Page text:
West Mountain makes its move

By Ben Westcott, Chronicle Staff Writer

At its March 26 meeting, the Queensbury Planning Board voted to acknowledge receipt of an application that, if it comes to fruition, would transform the West Mountain ski area.

West Mountain owners Sara & Spencer Montgomery. Photo provided
The Woods at West Mountain, which has a 10-year time frame to complete, looks to create “an alpine village experience” with year-round recreational activities, accommodations for vacationers and expectation to attract “permanent residents who may desire to live in a resort/recreational community, including locals looking to downsize.”

The plan calls for 252 apartment units, 64 condominium units, 56 duplex units, 65 single-family custom homes and an 80-room hotel. Envisioned is a new retail plaza with a new main ski lodge and outdoor seasonal dining and sitting areas adjacent to a man-made water feature.

A high-speed detachable chair lift is proposed to transport skiers from the Alpine Village to the summit of Northwest Mountain.

An outdoor Après Ski Plaza area with swimming pool, ice skating rink and hot tubs is proposed for use by the apartment and condominium residents. The duplexes and single-family homes would have ski-in/ski-out access to West’s ski trails.

The duplex buildings would be equipped with two-car garages and driveways. The hotel would have dining and a banquet facility as well as an exercise and spa facility with hot tubs and indoor and outdoor swimming pools.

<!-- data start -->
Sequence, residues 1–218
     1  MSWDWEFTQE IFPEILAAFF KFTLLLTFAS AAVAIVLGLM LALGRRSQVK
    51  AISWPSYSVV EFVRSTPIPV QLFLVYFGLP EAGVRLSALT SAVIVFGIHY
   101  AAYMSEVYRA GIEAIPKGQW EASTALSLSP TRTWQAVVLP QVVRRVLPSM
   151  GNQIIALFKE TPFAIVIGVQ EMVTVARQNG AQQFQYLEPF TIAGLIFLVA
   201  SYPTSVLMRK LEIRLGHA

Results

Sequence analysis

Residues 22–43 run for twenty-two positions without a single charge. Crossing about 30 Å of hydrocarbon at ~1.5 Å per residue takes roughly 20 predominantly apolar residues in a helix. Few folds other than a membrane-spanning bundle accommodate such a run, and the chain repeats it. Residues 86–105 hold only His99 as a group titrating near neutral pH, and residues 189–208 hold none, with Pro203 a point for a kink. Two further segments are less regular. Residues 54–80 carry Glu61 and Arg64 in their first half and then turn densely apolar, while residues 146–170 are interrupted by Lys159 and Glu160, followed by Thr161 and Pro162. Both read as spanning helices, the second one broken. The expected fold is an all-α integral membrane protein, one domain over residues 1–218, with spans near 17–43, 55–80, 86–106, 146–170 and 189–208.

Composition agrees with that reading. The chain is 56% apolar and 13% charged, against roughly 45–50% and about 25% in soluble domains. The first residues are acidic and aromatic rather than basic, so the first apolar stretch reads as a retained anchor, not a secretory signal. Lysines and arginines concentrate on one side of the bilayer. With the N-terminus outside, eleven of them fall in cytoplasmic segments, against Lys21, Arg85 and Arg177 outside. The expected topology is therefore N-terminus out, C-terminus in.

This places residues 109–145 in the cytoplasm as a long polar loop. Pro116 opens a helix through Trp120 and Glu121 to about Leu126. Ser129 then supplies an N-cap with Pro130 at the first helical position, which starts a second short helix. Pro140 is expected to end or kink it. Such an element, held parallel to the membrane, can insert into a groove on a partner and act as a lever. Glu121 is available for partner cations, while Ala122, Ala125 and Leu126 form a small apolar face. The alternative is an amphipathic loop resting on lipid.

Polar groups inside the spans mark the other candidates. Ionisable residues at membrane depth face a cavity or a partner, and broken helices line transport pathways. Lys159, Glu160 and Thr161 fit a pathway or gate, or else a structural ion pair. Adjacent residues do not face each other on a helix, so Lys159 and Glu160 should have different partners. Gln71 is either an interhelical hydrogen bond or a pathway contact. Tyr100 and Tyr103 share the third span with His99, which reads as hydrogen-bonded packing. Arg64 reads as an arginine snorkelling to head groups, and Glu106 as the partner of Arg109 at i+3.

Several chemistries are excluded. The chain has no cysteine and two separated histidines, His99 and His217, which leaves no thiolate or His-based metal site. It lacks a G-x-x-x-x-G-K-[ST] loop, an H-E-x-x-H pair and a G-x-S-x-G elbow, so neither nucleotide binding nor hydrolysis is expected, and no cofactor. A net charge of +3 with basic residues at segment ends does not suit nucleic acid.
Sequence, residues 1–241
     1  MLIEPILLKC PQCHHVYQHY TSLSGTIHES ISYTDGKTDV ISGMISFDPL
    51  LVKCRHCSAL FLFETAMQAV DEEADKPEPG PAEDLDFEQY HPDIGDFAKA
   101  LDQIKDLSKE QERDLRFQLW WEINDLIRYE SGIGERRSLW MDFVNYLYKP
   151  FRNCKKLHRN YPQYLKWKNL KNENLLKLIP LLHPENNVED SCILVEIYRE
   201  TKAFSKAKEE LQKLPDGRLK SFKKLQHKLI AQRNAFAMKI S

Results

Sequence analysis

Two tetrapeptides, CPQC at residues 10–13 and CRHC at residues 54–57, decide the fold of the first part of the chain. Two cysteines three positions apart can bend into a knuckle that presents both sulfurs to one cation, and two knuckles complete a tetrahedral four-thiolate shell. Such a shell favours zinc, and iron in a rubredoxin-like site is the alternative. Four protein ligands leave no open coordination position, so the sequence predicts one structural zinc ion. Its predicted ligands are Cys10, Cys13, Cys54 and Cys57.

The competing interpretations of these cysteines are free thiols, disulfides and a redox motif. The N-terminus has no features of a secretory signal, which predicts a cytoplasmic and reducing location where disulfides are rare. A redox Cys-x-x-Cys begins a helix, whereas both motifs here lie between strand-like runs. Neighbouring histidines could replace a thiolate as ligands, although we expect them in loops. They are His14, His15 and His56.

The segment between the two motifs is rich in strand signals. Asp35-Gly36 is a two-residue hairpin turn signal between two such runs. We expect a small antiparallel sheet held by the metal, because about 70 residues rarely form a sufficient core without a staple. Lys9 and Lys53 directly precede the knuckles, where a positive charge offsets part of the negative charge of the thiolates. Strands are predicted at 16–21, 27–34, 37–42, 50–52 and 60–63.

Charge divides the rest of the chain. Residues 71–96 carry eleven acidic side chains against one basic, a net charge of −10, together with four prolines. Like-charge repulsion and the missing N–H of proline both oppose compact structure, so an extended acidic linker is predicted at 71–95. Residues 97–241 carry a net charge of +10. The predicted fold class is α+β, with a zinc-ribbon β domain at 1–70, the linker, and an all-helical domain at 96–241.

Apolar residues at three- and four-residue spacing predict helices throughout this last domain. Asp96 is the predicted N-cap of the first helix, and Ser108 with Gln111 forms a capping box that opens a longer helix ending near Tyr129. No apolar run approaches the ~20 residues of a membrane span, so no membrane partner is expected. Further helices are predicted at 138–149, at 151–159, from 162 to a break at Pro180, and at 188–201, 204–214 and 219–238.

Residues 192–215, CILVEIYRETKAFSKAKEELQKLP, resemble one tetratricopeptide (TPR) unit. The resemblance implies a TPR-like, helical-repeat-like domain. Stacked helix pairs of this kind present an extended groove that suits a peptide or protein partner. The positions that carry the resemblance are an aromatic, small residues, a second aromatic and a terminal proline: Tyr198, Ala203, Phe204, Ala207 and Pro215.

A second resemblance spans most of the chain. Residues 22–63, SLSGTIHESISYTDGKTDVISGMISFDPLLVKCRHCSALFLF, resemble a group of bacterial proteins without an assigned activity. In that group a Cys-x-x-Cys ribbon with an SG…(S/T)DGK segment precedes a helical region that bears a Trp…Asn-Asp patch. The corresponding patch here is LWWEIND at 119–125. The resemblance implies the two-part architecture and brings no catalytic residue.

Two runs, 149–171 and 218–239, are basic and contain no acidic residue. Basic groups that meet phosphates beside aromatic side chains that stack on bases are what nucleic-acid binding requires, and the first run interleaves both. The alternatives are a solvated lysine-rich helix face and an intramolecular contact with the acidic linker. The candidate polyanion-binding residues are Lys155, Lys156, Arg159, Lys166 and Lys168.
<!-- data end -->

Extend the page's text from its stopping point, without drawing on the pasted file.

The existing Northwest Mountain Day-Use Lodge would be renovated “to upgrade its exterior finishes and visual character to complement other new structures in The Woods at West Mountain.”

An outdoor amphitheater graded into the hillside is proposed west of the lodge.

Spencer Montgomery:
A ‘learning mountain’ ideal for metro families; it’s a huge opportunity but also key to survival

Spencer Montgomery, West Mountain’s co-owner, emphasized the appeal the Woods at West Mountain development could have for families. “Look at the average family coming up from Long Island, New York City or Brooklyn,” he said.

“Most of those people are not extreme skiers looking for 3,000 foot vertical…We’re a learning mountain, and if you’re coming up with a family it’s a perfect scenario. You can go to the spa, steam room, you can go work out, you can ski, and we’re open from 8 a.m. to 9 p.m. so you’ve got a 13-hour babysitter for your kids.”

He said, “We’ve been told that it’s anticipated that this would sell out potentially before it was built, because there’s that type of demand.”

Currently, he said, “Our reach is pretty limited because we’re not viewed as a destination resort.”

He said this year West Mountain will have an operating loss of around half a million dollars “just due to the weather.”

He said the planned four-season resort “really is a necessity to ensure the future of West Mountain.”

Jon Lapper, project legal counsel, said, “It’s a tough time to be a low-altitude ski mountain in climate change, but we think that this is going to put them on the map more than it is.”

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